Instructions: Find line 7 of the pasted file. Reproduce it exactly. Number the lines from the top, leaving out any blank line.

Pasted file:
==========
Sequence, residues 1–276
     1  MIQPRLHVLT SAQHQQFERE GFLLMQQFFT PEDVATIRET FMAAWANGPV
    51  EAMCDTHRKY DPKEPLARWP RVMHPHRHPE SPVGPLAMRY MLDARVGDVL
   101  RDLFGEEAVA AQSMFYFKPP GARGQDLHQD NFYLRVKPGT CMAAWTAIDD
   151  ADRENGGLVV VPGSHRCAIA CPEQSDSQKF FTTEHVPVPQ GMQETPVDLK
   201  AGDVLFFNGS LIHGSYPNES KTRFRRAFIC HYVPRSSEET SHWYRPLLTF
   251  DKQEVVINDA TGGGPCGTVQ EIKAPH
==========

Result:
   251  DKQEVVINDA TGGGPCGTVQ EIKAPH